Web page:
German Boxer ~ Deutscher BoxerFamily: Canidae Canis lupus familiarisPhoto © Animal-World: Courtesy Justin Brough
The Boxer has a compact athletic build, and although you can keep it in an apartment, it enjoys an active lifestyle and needs excercise everyday.
Boxers are playful and energetic, and they make good companions for owners who are active. They are loyal and get along with almost everyone if properly socialized. When choosing a boxer, look out for thyroid problems, hip dysplasia, and a family history of cancer and heart conditions.
Background Boxers are descendants of the Bullenbeisser, a distinct type of Mastiff, and Bulldogs. The breed was developed in the late 1800s in Germany, and was quickly introduced to other parts of Europe and the United States. Popular hybrids include the Boxerdoodle (Boxer and Poodle mix) and the Golden Boxer (Boxer and Golden Retriever mix).
Description Boxers have a compact, athletic build. Colors include fawn, brindle, and red, all with white markings. Predominantly white boxers are also common, but some kennel clubs will not register them. They have a protruding lower jaw, with folds of skin running from the root of the nose down the sides of the muzzle. The eyes are dark, the nose black, and the ears large and pointed. Ear cropping is optional, and tail docking is standard where permitted. Males are 22-25 inches tall and weigh 60-70 pounds. Females are 21-24 inches tall and weigh 53-65 pounds.
Care and Feeding A Boxer's diet should include pork, poultry, oats and rye. It is best to feed two or three small meals each day to prevent bloat. Certain foods may cause allergic reactions in some dogs.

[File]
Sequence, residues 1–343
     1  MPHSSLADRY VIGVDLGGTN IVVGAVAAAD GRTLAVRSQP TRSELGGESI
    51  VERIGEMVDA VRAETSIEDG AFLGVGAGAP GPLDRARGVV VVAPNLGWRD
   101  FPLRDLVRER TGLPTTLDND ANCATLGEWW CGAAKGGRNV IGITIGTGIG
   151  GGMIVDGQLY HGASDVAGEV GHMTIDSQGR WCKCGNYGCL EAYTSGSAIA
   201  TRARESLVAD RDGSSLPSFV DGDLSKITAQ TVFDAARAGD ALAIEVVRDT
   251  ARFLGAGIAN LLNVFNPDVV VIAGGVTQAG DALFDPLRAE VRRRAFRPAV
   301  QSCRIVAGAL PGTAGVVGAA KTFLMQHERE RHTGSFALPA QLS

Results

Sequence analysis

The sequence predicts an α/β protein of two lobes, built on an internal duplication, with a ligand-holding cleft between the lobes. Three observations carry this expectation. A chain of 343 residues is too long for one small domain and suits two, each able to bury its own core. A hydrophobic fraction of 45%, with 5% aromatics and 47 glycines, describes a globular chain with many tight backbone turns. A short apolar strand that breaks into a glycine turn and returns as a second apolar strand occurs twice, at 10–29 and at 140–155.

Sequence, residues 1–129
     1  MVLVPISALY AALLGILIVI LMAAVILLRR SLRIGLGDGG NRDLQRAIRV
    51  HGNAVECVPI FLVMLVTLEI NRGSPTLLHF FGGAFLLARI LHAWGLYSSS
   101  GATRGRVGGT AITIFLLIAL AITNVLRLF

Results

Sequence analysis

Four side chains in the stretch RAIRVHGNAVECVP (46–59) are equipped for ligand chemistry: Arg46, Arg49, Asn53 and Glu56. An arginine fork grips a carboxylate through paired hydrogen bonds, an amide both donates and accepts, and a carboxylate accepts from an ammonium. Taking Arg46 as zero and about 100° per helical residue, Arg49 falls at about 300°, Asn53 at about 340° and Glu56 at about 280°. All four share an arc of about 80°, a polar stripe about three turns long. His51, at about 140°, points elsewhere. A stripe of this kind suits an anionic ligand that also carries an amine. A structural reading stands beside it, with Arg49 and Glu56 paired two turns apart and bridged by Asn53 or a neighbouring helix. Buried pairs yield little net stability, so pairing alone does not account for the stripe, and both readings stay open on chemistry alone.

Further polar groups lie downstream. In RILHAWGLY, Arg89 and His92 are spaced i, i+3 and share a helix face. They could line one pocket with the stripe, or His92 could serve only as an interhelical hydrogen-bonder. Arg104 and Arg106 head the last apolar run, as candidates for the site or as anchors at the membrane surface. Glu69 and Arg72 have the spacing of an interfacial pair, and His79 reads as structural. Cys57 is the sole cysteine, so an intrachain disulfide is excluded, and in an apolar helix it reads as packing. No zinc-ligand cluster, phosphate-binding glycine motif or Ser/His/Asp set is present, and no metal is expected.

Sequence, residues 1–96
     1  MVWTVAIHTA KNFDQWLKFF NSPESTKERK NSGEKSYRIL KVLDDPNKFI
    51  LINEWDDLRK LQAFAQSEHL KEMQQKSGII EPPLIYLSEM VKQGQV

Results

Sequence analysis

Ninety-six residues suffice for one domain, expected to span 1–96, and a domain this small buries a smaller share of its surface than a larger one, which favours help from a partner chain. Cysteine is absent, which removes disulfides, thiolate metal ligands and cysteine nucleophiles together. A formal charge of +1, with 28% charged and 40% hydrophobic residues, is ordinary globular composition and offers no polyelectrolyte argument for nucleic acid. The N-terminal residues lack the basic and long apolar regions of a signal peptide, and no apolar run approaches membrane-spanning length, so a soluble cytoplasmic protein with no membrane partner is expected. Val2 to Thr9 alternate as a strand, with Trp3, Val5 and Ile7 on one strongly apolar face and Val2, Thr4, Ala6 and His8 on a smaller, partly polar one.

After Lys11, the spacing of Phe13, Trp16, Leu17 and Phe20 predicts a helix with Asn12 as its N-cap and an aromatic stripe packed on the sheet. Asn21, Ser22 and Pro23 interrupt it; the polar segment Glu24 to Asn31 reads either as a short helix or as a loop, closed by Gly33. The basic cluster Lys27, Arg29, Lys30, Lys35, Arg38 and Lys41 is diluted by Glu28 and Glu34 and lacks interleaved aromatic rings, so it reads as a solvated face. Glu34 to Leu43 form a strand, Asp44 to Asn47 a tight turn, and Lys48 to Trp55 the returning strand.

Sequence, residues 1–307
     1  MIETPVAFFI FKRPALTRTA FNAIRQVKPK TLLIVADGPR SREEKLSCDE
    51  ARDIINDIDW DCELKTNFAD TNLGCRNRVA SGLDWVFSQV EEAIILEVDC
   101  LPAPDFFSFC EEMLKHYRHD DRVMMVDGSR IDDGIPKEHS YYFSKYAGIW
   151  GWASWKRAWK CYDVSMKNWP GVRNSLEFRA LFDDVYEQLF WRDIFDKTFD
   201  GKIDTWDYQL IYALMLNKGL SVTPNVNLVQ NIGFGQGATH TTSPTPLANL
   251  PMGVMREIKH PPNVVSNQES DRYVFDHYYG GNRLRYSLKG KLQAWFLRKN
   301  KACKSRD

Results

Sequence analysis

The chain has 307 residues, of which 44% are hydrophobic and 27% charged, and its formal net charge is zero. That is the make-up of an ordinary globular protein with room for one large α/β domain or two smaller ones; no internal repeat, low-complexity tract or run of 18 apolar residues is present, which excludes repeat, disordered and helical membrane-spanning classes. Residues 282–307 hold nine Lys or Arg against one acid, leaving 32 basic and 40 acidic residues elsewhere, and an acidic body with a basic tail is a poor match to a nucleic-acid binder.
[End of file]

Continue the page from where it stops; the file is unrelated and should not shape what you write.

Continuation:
Regular brushing is all that is needed to maintain your Boxer's coat. Baths should be given only when necessary. This breed tends to keep itself clean. The Boxer's tail should be docked at 1 to 3 days of age. If the ears are to be cropped, it should be done in the same time frame.
Annual checkups are very important for this breed. Vaccinations are administered as follows:
- 6-8 weeks: Distemper, Leptospirosis, Hepatitis, Parainfluenza, Parvo, and Corona virus (DHLPPC)
- 10-12 weeks: Second DHLPPC
- 14-16 weeks: Third DHLPPC and rabies
- Annually: DHLPPC and rabies booster
Boxers are very clean dogs, but they shed moderately. If kept inside, regular vacuuming is important.
Social Behaviors Boxers get along well with children, and if properly socialized they usually get along with fellow dogs and other pets. Females tend to fight with other female boxers, and occasionally with females of other breeds.
Handling and Training Boxers are smart and eager to learn, but they can also be rather stubborn. They respond well to positive reinforcement. Housebreaking is usually easy due to the breed's dedication to cleanliness.
Breeding/Reproduction When choosing a mate for your boxer, there are several genetic health problems that you should be aware of. Check bloodlines for cancer, heart conditions, thyroid problems, hip dysplasia, and epilepsy.
Common Health Problems Bloat is a major concern with Boxers. Small meals and properly timed exercise can help prevent it, but it is important to keep the vet's emergency number on hand just in case. Allergies can be a problem, so you may have to avoid giving your Boxer certain foods or exposing him to certain chemicals and other allergens.
References "Boxer", Dog Breed Info Center, Copyright 1998-2008
Cusick, William D., "What to Feed a Boxer", Referenced online, 2008
"Boxer (dog)", Wikipedia, Copyright 2008
"Boxer Puppies for Sale", Copyright PuppyFind.com, LLC, Referenced online, 2008